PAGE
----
Today, React.js is used by many Fortune 500 companies. Facebook has full-time React development staff. They regularly release bug fixes, enhancements, blog posts, and documentation.

You can use ReactJS by installing a command-line tool called as create-react-app or CRA in short. Just do a npm install -g create-react-app or npx install create-react-app.

Here is a simple react component that returns a heading

1import React from "react";
3const IHealth = () => {
4 return <h1>Hello and Welcome to iHealth</h1>;
7export default IHealth;

2. Expres.JS:


To communicate over HTTP, we need a web server. We decided to use ExpressJS which is a minimal and flexible Node.js web application framework that provides a robust set of features for web and mobile applications.

Getting started with express is simple. Make sure you have NodeJS installed on your machine and then use the below code snippet:

1const express = require("express");
2const app = express();
4app.get("/", function (req, res) {
5 res.send("Hello World");

3. MongoDB:


MongoDB provided us with many benefits. Its flexible schema made it easy to evolve and store data in a way that was easy for us to work with. MongoDB is also built to scale up quickly and supports all the main features of modern databases such as transactions.

For iHealth, we used MongoDB Atlas which is a storage-as-a-service platform.

4. Mongoose:


We used Mongoose as an Object Data Modeling (ODM) library for MongoDB and Node.js. It manages relationships between data, provides schema validation, and is used to translate between objects in code and the representation of those objects in MongoDB.

5. Authentication:


Of course, some of the HTTP end-points need to be protected from unauthorized users. For example, we don't want random people to hit our server and fetch the list of patients. We need the data to be protected and allow only specific people to have access to the data iHealth is holding with itself.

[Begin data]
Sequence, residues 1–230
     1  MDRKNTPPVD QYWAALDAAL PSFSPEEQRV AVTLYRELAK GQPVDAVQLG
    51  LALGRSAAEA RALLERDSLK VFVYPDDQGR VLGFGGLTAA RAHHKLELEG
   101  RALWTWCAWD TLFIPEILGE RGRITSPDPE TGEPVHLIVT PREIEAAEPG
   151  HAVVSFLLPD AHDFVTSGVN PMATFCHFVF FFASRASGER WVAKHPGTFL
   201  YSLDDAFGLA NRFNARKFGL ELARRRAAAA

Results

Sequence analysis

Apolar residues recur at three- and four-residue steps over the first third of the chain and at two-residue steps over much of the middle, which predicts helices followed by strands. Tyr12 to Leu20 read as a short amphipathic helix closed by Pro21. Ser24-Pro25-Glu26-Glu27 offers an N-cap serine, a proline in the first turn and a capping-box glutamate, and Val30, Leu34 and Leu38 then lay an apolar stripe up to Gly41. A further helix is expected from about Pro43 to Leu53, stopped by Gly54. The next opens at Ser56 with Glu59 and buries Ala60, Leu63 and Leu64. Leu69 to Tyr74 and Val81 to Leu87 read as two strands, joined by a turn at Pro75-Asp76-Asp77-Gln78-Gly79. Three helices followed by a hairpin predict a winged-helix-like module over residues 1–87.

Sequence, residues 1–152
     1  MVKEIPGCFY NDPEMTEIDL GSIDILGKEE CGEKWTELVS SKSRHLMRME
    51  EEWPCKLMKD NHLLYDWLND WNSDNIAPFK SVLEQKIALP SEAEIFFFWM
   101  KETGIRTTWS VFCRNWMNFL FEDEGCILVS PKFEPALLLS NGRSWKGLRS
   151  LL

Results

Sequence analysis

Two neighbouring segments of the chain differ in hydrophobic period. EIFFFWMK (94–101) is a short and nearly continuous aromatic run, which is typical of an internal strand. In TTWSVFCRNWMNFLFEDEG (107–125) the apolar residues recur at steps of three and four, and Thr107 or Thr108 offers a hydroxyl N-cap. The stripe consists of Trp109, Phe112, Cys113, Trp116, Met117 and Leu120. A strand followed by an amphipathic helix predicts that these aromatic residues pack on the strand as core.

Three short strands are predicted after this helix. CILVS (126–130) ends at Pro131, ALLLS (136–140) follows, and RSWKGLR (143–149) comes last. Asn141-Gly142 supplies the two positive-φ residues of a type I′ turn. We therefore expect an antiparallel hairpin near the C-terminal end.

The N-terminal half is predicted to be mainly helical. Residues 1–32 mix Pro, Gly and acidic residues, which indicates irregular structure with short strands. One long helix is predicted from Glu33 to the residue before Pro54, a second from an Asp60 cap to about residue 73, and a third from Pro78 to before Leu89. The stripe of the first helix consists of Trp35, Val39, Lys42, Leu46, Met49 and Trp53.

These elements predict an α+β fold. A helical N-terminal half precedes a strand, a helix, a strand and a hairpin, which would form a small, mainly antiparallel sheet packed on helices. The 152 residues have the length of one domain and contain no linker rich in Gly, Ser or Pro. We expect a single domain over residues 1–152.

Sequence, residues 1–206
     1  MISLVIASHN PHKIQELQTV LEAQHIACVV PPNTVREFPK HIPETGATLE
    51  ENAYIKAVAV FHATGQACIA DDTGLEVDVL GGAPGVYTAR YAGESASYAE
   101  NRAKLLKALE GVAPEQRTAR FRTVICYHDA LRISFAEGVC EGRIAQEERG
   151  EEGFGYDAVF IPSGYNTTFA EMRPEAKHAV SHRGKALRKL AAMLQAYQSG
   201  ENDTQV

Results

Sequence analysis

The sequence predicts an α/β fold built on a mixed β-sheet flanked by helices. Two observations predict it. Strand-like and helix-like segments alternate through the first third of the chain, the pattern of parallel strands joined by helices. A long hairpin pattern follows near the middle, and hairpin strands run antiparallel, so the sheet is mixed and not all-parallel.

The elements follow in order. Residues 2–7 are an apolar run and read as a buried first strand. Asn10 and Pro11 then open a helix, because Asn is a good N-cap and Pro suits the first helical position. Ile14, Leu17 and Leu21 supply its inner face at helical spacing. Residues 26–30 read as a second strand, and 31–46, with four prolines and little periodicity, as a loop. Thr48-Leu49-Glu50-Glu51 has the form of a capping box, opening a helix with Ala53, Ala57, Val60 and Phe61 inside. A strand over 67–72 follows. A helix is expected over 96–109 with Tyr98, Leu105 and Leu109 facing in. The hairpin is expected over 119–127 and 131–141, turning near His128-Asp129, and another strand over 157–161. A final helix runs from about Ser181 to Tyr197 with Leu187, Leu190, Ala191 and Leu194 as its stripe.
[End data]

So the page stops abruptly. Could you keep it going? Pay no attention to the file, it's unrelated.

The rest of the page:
For authentication we used JWT which stands for JSON Web Token. JWT is a proposed Internet standard for creating data with optional signature and/or optional encryption whose payload holds JSON that asserts some number of claims. The tokens are signed either using a private secret or a public/private key.

For all authorized and authenticated users, we sent back a token that was validated for each request they send to the web server. Only the users with the correct JWT token could have access to the data.

You can read more about Json Web Token here



We built somthing that can be reused by somone else. If you are a college or a university student and would like to reuse what we created go ahead. Do whatever you want to do with this project. You can add new functionaloty on top of the old one.

If you are a professional developer, go ahead and reuse my code to build somthing awesome.

You will find a lot of documentation about the technologies that are used to build iHealth.

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© 2022Mohsin Yaqoob.